A business owner or prospective seller may want to know the value of their business before deciding to put it on the market. Buyers may wish to calculate the value or compare the asking price of a business they are interested in. In the case of business owners considering the sale of their business most business brokers offer a free Market Value Analysis and in fact our firm offers a comprehensive Business Market Value Analysis to prospective sellers. In either case, the simplest method to obtain an approximate business value is to use the Earnings Multiple method (also known as Market Data, Comps, Discretionary Earnings or DE Multiple).
Most business buyers and sellers/owners are somewhat aware of earnings multiples but few understand how to properly use and apply these multiples to value a business. There are many myths and opinions about what a business is worth and what “the” earnings multiple is. In fact earnings multiples vary widely by industry as well as by earnings. There are different multiples for Discretionary Earnings (DE aka SDE or Seller’s Discretionary Earnings) and EBITDA (Earnings Before Interest Taxes Depreciation & Amortization). DE multiples are lower than EBITDA multiples because with DE you are multiplying a higher earnings number against a lower multiple and with EBITDA you are multiplying a lower earnings number against a higher multiple. Ideally you should get roughly the same value for both approaches. There are no valuation multiples for “net profit” for a small-midsize business and simply applying say a DE multiple to Net Profit will result in a dramatically undervalued figure for the business. As explained below, the Net Profit does not reflect the actual earnings of a small business, thus using it for valuation purposes is meaningless.
While Earning Multiples seem like a simple method to value a business, and they can be, they must be used correctly and on the right earnings value to deliver the correct valuation for a business.
Discretionary Earnings vs Net Profit vs EBITDA
First you need to understand the difference between each earnings type and how to calculate them, then look at how to apply them.
- Net Profit:
This is the starting point for calculating both DE and EBITDA. When a business broker or valuation analyst refers to Net Profit this is the Net Profit shown on the company tax returns. The Net Profit on the company P&L is often different from the Tax Return Net Profit as a result of changes made by the accountant or CPA at year end which were not reconciled with the P&L. The Tax Return Net Profit is the only figure used for valuation purposes (note that SBA lenders and valuation analysts only use the Tax Return Net Profit).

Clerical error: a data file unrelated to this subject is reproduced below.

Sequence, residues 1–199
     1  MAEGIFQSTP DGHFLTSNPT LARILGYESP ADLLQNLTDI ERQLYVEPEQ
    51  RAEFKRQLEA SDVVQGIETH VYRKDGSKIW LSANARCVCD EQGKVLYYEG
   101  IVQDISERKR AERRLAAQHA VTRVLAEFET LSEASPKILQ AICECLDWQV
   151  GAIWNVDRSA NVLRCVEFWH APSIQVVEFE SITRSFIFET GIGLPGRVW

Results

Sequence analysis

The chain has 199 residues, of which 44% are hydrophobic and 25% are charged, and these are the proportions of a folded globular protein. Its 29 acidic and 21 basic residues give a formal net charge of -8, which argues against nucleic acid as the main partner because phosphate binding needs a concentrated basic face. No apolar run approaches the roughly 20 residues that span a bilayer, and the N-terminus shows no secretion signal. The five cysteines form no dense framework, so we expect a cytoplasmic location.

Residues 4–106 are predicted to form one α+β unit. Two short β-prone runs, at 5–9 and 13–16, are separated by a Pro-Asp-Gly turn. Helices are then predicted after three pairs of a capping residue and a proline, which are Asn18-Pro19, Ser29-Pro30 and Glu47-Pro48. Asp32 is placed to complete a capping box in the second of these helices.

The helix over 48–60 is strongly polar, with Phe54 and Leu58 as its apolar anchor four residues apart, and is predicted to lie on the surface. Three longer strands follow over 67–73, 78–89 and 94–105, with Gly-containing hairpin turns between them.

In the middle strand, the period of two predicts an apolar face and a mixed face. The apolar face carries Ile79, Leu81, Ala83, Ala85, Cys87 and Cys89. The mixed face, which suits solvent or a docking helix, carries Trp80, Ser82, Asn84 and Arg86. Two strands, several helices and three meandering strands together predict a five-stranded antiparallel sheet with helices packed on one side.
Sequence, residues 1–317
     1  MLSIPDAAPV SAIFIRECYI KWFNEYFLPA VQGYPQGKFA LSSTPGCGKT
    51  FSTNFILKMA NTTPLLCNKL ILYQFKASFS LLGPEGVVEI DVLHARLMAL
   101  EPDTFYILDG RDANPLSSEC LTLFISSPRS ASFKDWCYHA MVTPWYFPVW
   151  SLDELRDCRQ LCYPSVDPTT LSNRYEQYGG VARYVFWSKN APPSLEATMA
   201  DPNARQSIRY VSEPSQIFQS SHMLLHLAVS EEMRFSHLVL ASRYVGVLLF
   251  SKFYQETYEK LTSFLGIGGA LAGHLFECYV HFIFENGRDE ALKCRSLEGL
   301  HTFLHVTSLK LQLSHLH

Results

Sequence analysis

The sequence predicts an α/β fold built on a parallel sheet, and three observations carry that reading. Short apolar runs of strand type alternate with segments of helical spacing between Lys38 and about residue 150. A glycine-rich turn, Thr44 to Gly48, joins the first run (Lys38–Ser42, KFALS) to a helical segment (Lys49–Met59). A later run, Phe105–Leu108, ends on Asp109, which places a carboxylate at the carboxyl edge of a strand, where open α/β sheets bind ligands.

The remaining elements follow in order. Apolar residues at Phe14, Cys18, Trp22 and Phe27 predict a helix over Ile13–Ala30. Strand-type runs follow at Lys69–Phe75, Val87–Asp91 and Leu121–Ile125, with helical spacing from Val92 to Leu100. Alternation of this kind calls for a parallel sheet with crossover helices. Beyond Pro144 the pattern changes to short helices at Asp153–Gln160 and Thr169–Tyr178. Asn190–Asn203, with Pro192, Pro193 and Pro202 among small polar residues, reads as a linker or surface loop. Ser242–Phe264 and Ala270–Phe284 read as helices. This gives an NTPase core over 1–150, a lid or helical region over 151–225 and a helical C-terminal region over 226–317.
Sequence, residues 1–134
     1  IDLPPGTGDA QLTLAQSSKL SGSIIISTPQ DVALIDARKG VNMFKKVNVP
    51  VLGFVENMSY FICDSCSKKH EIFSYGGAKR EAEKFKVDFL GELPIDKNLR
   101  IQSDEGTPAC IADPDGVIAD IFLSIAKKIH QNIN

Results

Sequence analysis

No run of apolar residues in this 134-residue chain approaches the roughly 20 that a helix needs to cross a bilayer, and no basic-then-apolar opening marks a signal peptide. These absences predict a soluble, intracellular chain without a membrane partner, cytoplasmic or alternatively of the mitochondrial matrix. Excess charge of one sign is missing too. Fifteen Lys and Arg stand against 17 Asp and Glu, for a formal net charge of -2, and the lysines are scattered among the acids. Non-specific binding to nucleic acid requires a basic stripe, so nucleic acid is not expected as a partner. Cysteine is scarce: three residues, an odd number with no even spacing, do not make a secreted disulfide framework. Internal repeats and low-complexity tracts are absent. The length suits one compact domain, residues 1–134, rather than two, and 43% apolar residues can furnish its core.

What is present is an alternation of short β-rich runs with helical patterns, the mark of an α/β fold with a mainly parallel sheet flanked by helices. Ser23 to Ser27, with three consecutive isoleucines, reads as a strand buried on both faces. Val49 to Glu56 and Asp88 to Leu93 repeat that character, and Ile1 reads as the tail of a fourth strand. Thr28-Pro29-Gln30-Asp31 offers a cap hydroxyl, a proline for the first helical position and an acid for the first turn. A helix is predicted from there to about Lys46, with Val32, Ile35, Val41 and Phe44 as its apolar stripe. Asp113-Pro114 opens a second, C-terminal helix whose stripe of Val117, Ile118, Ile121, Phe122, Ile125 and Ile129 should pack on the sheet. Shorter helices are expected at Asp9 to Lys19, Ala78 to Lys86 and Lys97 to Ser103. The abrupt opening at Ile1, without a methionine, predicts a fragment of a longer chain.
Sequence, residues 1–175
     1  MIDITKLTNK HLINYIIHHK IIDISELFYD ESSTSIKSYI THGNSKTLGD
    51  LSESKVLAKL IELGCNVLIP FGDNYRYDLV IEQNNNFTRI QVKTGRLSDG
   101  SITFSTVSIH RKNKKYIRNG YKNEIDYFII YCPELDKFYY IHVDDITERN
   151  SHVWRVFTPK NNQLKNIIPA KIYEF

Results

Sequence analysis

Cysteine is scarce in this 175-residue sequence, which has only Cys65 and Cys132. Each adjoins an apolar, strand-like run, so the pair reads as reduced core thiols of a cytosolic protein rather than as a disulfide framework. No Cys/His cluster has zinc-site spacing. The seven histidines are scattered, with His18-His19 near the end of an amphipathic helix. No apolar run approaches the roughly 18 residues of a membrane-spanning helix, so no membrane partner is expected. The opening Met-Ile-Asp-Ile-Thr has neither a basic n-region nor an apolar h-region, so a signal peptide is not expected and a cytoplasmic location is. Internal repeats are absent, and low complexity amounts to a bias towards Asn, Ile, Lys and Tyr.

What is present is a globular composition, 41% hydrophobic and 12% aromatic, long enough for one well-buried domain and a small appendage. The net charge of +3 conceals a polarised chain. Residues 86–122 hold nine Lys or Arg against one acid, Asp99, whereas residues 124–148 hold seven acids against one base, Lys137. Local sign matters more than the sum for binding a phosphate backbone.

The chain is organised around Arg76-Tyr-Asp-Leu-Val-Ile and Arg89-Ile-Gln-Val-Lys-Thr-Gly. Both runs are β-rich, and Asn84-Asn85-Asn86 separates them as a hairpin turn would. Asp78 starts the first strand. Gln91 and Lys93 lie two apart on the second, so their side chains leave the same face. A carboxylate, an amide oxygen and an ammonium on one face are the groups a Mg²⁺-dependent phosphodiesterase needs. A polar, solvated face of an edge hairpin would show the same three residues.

EBITDA is actually simple to calculate. Start with the Net Profit from the Tax Return and add the Interest, Taxes, Depreciation, & Amortization. This is the non-normalized EBITDA and for very large businesses this figure is correct.
For small businesses, you must first add back all of the owner’s benefits & compensation and then subtract a replacement salary for the owner at market rate. This would be the salary of a manager to run the business inplace of the seller. This is called Normalized EBITDA which is used for small businesses. A simple way to determine Normalized EBITDA is to take the DE and subtract a replacement salary for the owner at market rate.
- Discretionary Earnings (DE):
DE is the most commonly used valuation multiple and it is also the most complicated figure to calculate. DE basically is EBITDA + owners salary + owner’s benefits & expenses. This sounds simple enough and it would be except that many owners bury these expenses which can make it difficult to verify these figures. One key rule for owner’s expense add-backs is that they MUST be tied to an expense line item on the tax return. If the expense is not shown on the tax return then it cannot be used as an add-back for calculating DE as it was not shown as an expense on the tax return, which is what is used to calculate DE.
Finding the Right Earnings Multiple for a Business
You can get Discretionary Earnings multiples and Business Valuation Reports from BizBuySell and Peercomps. BizBuySell offers valuation reports from $19.95 to $59.95 and Peercomps offers a one time comps search for $49 or a one time business valuation for $99.